Downsizing was part of the culture

And then came the recession of the early 1990s. By this time, downsizing was part of the corporate culture. Businesses were created to facilitate firing people. 

Words like “outplacement” became part of the vernacular and firing people became part of the managerial toolkits. 

Meanwhile, employee loyalty evaporated and job changing became an accepted and necessary practice.

The job-for-life disappeared

When I started in the recruiting business in the early 1980s, length of service was considered an asset. If someone had stayed with a company for many years, it showed loyalty, commitment and stability. 

By the late 1990s, things were different. Employers were looking for individuals experienced in multiple job roles. It was a sign of contemporary thinking and showed an ability to manage change, adapt, and think outside the box. 

Long-service employees were viewed less positively because they would be harder to retrain. Employees who were downsized faced an unwelcoming marketplace which considered them too ingrained with their organization’s manner of doing things.

The employer was calling the shots. They had their choice of employees and made decisions that advanced their corporate goals. For employees left out in the cold, there was resentment and an erosion of trust in the corporate model.

The oversupply of talented workers

There was an unintended consequence with these shifts, one the corporate world didn’t recognize:  the oversupply of talented workers.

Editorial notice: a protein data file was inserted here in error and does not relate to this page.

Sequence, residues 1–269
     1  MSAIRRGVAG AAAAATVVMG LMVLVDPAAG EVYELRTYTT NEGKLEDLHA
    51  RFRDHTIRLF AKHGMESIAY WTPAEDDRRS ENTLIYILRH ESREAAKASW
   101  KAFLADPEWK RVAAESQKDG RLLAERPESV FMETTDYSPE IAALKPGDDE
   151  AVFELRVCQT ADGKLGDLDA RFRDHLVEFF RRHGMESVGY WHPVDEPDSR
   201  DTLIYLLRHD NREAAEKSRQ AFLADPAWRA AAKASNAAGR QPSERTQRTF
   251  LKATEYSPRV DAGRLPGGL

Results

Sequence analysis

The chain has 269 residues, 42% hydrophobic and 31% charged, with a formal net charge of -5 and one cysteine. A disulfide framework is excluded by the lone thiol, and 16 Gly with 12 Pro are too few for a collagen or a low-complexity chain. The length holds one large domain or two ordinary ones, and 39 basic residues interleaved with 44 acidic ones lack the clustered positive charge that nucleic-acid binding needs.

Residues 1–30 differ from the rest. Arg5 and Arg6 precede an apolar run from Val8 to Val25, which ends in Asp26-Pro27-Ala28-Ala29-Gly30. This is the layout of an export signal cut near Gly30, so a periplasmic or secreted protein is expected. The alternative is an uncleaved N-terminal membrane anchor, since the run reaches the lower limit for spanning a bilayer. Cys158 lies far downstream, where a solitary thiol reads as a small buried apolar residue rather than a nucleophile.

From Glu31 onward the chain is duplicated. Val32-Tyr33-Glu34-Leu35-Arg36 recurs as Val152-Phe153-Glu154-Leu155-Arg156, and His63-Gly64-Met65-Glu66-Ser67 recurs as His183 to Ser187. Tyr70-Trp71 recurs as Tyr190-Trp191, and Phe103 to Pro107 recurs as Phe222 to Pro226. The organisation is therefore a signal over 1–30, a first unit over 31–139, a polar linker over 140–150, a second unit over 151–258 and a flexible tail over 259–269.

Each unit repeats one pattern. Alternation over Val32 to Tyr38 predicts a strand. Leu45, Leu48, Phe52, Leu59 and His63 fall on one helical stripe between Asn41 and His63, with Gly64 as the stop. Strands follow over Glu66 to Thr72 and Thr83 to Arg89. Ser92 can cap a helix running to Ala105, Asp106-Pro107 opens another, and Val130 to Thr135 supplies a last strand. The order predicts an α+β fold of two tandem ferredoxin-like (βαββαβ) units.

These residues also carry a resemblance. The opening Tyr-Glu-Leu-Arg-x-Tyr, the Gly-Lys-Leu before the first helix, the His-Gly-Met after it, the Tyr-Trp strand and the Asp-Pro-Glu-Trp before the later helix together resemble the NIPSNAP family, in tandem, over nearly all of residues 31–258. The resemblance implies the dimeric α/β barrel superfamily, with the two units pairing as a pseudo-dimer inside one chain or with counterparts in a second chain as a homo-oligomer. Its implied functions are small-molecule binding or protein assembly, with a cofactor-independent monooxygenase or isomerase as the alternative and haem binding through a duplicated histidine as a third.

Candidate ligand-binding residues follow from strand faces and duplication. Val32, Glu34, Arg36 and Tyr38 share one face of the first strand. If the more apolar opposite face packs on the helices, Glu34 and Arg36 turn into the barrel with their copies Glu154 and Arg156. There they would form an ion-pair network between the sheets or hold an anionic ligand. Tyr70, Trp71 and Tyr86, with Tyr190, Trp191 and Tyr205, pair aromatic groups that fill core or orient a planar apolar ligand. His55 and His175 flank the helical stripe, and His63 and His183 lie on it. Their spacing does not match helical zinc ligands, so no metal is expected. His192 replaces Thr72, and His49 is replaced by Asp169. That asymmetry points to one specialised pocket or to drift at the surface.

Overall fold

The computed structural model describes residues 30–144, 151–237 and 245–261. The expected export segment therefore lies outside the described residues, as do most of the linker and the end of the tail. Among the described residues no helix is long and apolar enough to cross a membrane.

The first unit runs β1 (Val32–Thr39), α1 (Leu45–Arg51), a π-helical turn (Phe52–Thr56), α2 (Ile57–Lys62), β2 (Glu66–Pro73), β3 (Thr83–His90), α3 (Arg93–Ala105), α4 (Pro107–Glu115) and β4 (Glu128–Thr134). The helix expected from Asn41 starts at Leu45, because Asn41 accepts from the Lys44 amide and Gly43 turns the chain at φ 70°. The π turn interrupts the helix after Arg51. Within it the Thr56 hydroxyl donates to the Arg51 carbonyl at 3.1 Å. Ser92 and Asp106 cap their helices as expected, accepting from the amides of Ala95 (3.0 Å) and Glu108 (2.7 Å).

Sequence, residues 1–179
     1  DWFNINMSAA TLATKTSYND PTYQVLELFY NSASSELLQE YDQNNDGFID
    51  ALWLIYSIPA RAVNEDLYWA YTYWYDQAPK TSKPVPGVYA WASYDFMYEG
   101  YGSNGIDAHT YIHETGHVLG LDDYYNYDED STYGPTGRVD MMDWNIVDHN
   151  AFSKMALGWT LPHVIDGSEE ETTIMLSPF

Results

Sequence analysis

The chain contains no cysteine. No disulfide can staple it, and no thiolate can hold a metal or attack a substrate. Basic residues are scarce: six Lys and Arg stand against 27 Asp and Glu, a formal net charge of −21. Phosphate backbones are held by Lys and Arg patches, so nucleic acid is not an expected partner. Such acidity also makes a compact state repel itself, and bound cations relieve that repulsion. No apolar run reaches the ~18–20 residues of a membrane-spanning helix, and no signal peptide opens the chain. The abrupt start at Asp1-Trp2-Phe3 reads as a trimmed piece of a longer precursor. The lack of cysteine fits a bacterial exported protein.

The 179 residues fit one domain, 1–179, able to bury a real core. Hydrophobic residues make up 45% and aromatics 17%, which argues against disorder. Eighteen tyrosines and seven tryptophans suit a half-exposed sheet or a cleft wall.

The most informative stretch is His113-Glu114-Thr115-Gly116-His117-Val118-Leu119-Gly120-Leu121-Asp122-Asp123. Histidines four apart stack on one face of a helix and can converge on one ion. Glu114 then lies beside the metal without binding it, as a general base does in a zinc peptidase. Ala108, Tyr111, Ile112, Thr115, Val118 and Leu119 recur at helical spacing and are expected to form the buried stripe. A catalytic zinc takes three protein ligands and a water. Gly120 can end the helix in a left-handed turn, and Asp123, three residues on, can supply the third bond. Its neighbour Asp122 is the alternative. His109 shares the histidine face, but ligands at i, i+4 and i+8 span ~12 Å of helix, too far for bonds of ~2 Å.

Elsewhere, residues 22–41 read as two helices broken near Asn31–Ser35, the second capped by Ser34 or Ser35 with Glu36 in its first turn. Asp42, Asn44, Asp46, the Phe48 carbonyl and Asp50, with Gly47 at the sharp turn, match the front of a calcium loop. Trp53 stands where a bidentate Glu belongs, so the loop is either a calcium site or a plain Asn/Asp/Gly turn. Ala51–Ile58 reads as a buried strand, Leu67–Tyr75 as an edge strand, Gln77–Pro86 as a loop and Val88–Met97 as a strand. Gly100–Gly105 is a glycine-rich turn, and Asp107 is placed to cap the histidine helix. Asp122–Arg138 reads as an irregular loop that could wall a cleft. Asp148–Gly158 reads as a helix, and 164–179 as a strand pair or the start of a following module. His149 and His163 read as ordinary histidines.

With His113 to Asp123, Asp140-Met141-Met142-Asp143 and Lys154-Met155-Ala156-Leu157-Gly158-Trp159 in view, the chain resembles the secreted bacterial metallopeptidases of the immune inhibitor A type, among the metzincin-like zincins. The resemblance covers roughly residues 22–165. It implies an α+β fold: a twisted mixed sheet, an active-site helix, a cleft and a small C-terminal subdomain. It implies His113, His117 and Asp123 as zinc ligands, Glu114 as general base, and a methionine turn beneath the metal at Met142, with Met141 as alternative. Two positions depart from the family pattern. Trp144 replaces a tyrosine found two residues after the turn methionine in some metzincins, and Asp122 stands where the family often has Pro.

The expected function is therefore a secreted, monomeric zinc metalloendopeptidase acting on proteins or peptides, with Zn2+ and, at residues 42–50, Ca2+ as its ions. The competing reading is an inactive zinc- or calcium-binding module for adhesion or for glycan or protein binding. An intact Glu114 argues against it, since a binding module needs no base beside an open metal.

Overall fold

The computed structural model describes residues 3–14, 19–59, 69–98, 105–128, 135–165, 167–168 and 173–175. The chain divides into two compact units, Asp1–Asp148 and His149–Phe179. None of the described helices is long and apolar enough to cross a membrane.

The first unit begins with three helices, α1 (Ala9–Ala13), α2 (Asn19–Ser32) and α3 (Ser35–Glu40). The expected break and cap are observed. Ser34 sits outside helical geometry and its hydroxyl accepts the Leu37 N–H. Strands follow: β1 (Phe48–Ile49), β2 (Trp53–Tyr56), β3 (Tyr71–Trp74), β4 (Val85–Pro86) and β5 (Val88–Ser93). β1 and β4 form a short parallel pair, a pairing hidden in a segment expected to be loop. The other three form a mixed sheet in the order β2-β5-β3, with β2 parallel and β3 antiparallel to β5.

Loyalty switched away from the firm and toward the individual. And something else happened too: The emerging workforce was upskilling to keep up with the changing economy and market. They were acquiring new skills their managers knew nothing about. 

All of a sudden, workers knew more than their bosses, and yet the bosses continued to manage them in a style learned in the 1960s and ’70s.

And something else happened too. For the first time in decades, there was more work than individuals to do the work. The talent shortage meant that employees suddenly had choices, thanks to technology. They could go to Toronto, New York or Paris, or they could stay home and work remotely. 

Talent now calling the shots

Corporate Canada was not ready for this. A free agency market emerged with employees who had skills and expertise suited to the demands of the contemporary workplace. Now the workers were calling the shots and controlling their working terms and destinies.

The concept of a sports-like free agency grew in corporate Canada with job boards and talent agencies springing up to place the freelance workforce in fractional and interim roles.

Leaders now had to look outside their organizations to find top-notch talent and expertise. 

Major league baseball players Andy Messersmith and Dave McNally challenged the reserve clause and brought about free agency in professional sports. 

Who would have guessed Canadian workers would have followed their lead?

Mark Surrette, is a senior advisor to SeasonedPros.ca. He is former President and Board Chair of Knightsbridge Robertson Surrette and brings 37 years of professional recruitment experience to the SeasonedPros.ca team.